WASHINGTON -- States that house corporations also doing business in a number of other states do not have a carte blanche to tax all of the firm's operations, the Supreme Court ruled yesterday.
The court's 5-to-4 ruling in Allied-Signal Inc. v. Director of Taxation defeated an attempt by New Jersey to collect close to $2 million in taxes arising from Bendix Corp.'s sale of shares inn Asarco Inc.
The court's opinion protects earnings of multistate corporations and appears to require states to document a direct link between a firm's earnings and activities within the states before being allowed to tax them.
The majority opinion was delivered by Justice Anthony Kennedy, who said the case record failed to support New Jersey's contention that the stock sale by Bendix, which is now a unit of Allied-Signal, was an integral part of the company's multistate business operations.
In so ruling, the justices reaffirmed their reliance on what is known as the "unitary business principle," under which a state may tax an apportionable share of a multistate corporation's business only if there is a sufficient connection between the firm's out-of-state and in-state activities.
To determine whether a unitary business exists, the court examines whether the firm's activities are functionally integrated, whether its management is centralized, and whether economies of scale exist.
Paul Mines, counsel for the Multistate Tax Commission, said a "disappointing aspect" of the court's ruling was that the issue of taxing multistate firms "remains such a factually intensive inquiry."
By the same token, Mr. Mines said, "The court is not telling states that they can't tax this kind of income. But they said you better have a factual record to back it up."
But Ferdinand P. Schoettle, a law professor at the University of Minnesota, said documentation "has always been open to the state." He said the ruling "provides much-needed protection for American business" and the flows of funds between parent companies and their subsidiaries.
In 1981, Bendix -- a corporation involved in the automotive, aerospace, energy, and forest products industries -- realized a $211.5 million gain when it sold its 20.6% stock interest in Asarco, a producer of nonferrous metals.
New Jersey taxed the gain, a decision backed up by the state's tax and supreme courts. The courts concluded the tax was constitutional in large part because Bendix intended to use the proceeds the fund operations.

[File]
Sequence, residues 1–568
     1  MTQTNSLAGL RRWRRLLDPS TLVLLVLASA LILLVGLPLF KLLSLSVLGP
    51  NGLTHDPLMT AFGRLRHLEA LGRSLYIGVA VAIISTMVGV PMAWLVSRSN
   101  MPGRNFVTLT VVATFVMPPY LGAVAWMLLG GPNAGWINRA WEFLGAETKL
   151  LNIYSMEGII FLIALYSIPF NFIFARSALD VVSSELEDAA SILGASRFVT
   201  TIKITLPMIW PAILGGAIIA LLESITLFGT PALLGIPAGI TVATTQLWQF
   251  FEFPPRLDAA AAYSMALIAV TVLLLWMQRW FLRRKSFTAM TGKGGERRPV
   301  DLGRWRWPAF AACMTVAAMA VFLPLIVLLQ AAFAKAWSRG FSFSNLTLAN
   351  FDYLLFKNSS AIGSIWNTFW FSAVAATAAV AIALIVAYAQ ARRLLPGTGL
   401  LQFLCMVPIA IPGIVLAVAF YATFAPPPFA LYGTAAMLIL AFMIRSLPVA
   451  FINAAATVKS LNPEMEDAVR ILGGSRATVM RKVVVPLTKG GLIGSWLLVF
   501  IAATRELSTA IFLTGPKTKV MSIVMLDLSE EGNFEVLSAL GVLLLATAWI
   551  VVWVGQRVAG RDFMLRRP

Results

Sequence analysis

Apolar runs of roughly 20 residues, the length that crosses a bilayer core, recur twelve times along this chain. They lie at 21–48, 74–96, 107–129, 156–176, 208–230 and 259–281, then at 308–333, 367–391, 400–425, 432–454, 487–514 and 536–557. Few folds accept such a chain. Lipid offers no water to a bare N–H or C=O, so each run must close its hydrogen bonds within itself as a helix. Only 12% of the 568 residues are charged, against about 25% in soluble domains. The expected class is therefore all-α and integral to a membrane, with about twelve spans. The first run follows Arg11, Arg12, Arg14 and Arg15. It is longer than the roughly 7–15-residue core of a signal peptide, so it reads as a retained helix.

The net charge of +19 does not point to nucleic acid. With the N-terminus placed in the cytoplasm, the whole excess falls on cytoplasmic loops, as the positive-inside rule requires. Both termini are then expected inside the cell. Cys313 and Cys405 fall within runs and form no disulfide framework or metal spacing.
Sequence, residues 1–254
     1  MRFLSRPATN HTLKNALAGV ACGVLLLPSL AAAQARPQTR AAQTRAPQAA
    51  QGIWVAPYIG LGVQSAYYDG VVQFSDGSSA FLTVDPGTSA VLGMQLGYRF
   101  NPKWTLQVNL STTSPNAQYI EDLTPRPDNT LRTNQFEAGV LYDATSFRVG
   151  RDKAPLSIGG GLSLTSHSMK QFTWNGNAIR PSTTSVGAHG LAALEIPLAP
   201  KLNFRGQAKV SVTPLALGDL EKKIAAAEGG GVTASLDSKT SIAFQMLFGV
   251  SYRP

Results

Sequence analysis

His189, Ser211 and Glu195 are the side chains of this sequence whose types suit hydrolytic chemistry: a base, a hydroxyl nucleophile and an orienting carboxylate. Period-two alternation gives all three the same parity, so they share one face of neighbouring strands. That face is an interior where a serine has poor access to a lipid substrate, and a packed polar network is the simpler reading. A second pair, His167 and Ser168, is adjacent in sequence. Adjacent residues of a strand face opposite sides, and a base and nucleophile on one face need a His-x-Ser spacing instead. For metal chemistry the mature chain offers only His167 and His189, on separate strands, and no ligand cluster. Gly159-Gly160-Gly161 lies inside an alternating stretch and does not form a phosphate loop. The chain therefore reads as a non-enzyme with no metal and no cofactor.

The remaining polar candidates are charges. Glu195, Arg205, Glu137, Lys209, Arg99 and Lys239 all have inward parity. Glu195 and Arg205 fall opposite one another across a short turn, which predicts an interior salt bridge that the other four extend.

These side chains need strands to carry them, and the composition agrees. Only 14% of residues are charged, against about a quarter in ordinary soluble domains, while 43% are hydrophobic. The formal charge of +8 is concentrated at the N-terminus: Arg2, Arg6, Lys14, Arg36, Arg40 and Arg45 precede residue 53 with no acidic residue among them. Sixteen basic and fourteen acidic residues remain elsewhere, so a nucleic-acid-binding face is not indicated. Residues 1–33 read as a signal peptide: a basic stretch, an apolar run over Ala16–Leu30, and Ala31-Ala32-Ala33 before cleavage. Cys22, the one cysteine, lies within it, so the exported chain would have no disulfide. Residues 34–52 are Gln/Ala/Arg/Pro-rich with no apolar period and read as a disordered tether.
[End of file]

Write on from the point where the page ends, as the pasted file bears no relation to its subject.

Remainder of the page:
But the U.S. Supreme Court yesterday reversed the lower courts, holding that the Constitution's commerce and due process clauses require a clear link between the taxing state and the transaction it is trying to tax.
"To be sure, our cases give states wide latitude to fashion formulae designed to approximate the instate portion of value produced by a corporation's truly multistate activity," Justice Kennedy said. "But that is far removed from New Jersey's theory that any business in the state, no matter how small or unprofitable, subjects all of a corporation's out-of-state income, no matter how discrete, to apportionment."
In essence, the Allied-Signal case was an issue of whether Bendix's Asarco investment was for purely investment purposes or actually served an operational purpose.
"A state may include within the apportionable income of a nondomiciliary corporation the interest earned on short-term deposits in a bank located in another state if that income forms part of the working capital of the corporation's unitary business, notwithstanding the absence of a unitary relationship between the corporation and the bank," Justice Kennedy wrote.
But, he added, "That circumstance, of course, is not at all presented here." According to Justice Kennedy, the Asarco investment was not similar to a "short-term investment of working capital analogous to a bank account or certificate of deposit."
The court majority's rationale drew a rebuke from Justice Sandra Day O'Connor, who wrote, "Any distinction between short-term and long-term investments cannot be of constitutional dimension. Whether an investment is short-term or long-term, what matters for due process purposes is whether the investment is operationally related to the in-state business."
Concluding that the investment was operationally related, Justice O'Connor said New Jersey should have been allowed to tax the stock sale.
The court's unitary business principle and the concept of apportioning revenues arose during the late 1800s, when states were grappling with how to tax railroad and telegraph companies.